Maldives foreign secretary addresses UN security council during special session on development in small island states
Twenty-five years ago, 14 island states gathered in the Maldives.
Together they decided to work in unity: “to seek international cooperation to protect small states of the world, from the dangers posed by climate change, global warming, and sea level rise”.
Today, the Republic of Maldives is proud to represent the Alliance of Small Island States, which was born out of that meeting.
We are thankful for the Government of New Zealand, the President of the Security Council for the month of July, for convening this important debate: a debate that signals a true mark of international cooperation towards the Small Island Developing States.
This debate, we hope, is a beginning. It marks a turning point in how the international community, and the Security Council in particular, view peace and security as they relate to the world’s small island nations.
To be sure, even as a host of crises with profound implications for the work of this body increasingly impact our communities, insufficient attention and resources are available to ensure an effective response.
In fact, in our recent SAMOA Pathway document, we reaffirmed that peace and security, the rule of law, respect for human rights, and other issues relevant to this body play a crucial role in achieving our sustainable development goals.
Peace and security is a prerequisite to health and prosperity. At the same time, the lesson of history is that peace will prevail only when we promote sustainable development practices.
SIDS understand this reality well. For centuries, communities in our small islands have promoted practices and values that not only helped to protect the fragile eco-systems of the islands, but also promoted the peace and harmony within and among the communities.
More recently, SIDS have also taken important responsibilities in promoting peace and security at the international stage. We provide a disproportionate number of peacekeepers to missions around the world and host many operations in our own backyards.
Yet our voice on this Council is vastly underrepresented: over the past 25 years, only six SIDS have served on the Council, out of the 125 elected members during that period. This must change.
The smallest in the world, said Secretary General Ban Ki Moon, in Samoa last year, are like “magnifying glasses…when we look through their lens, we see the vulnerabilities we all face”. And the most profound vulnerability we have is to climate change.
Climate change is humanity’s defining challenge.
The science is clear that climate change has exacerbated existing problems and poses new ones, including threats to our food and water security, displaced communities, loss of adaptive capacities and ecosystems services and, for some of us, the loss of territorial integrity.
We have stressed that the UNFCCC should remain the primary forum for the climate negotiations.
Yet, we have to recognize that climate change is a threat to the survival of humanity, and our response to the threat requires us to redefine the concept of security.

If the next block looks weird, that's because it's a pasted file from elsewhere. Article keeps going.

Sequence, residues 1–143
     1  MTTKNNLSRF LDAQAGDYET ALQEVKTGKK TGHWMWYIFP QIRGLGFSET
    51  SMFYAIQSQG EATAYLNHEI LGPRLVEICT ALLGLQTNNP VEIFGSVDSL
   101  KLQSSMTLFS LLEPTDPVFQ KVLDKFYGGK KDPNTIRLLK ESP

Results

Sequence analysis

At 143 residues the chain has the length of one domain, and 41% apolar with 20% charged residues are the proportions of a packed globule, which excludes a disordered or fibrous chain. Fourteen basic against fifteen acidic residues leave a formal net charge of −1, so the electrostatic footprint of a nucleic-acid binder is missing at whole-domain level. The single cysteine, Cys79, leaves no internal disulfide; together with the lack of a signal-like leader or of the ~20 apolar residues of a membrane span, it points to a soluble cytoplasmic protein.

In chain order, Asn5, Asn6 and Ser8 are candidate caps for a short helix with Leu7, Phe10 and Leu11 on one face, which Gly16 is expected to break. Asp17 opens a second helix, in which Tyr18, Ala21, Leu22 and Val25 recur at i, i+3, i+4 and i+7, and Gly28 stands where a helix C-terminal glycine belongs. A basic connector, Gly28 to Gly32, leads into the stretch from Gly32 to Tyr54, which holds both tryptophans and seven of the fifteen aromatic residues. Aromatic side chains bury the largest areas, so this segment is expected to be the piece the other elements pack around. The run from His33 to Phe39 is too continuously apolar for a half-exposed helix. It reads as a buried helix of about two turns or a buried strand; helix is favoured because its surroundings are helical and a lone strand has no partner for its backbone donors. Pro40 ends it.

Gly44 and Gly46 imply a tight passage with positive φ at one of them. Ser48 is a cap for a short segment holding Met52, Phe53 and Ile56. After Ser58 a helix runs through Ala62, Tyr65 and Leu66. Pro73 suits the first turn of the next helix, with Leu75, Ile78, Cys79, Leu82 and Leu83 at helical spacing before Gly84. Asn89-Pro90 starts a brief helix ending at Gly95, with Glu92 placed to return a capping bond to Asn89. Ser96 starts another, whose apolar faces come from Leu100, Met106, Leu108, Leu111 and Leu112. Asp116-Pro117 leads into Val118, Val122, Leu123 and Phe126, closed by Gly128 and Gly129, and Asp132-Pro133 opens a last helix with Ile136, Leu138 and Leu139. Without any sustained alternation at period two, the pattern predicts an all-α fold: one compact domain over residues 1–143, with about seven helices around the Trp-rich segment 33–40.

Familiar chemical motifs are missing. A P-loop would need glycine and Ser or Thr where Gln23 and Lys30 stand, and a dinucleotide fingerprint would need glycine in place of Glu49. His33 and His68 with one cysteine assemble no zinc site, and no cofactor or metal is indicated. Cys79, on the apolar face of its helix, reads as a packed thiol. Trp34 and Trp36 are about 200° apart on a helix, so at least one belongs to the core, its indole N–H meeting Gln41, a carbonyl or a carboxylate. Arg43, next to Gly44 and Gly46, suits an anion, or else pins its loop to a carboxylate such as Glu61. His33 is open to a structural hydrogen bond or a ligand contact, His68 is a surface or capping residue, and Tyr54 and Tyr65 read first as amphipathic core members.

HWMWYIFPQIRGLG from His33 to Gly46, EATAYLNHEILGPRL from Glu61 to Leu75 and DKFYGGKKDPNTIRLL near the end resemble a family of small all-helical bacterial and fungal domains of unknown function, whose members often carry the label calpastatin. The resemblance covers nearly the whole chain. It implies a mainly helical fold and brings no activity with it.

The utter devastation seen in the wake of Cyclone Pam in particular to Vanuatu, and other neighbouring countries like the Solomon Islands, Tuvalu and Kiribati, as well as from two recent typhoons Maysak and Doplhins which hammered the Federated States of Micronesia, underscores the unique circumstances of life in SIDS.
Our small size, geographic isolation, and high exposure to impacts like powerful tropical storms and other extremes make it challenging to prepare for a disaster before it strikes.
More effective programmes for disaster risk reduction must be part of the effort to build resilient and sustainable island communities.
We are all too aware that we can’t do this on our own. Criminals often exploit the vast oceans off our shores to evade the rule of law on land.
While our waters are home to some of the most productive marine habitats in the world, Illegal, Unreported, and Unregulated fishing also deprives us of the resources we depend on for food and income.
At the same time, drug dealers and human traffickers increasingly escape detection in these isolated places.
Maritime piracy has also been a challenge for some of our countries. And because we have limited surveillance capacity we are unable to deter illicit activities that have security implications for the entire international community.
SIDS are ready to lead. We are an important part of the solution. Vulnerability is a fact in SIDS. Yet, we refuse to be defined by them.
Although we are vulnerable, we are also valuable contributors in proposing global solutions to common problems.
Since the acceptance of the first small states into the UN, nearly five decades ago, SIDS have shown the world that small states are not only viable, but they in fact have extraordinary ability to survive and even thrive in the turbulent global political arena.
We engaged the United Nations on the serious security threats that small states face, and proposed a mechanism to address such threats. We highlighted the link between the dangers of climate change and the full enjoyment of human rights.
We continue to show that through genuine and durable partnerships, we can address our challenges and face any adversity.
We live in a time of dramatic change and uncertainty. Our pursuit of international peace and security faces new obstacles that will test our resolve at every turn.
But we also have new expertise and resources to make the world more secure—in all countries large and small, on the mainland and in the oceans.
We have a significant task in front of us, one that will require our attention over decades.
Let us consider this discussion as the beginning of that effort and commit to do what is necessary to achieve our common goals.
Dr Ali Naseer Mohamed is Maldives Foreign Secretary.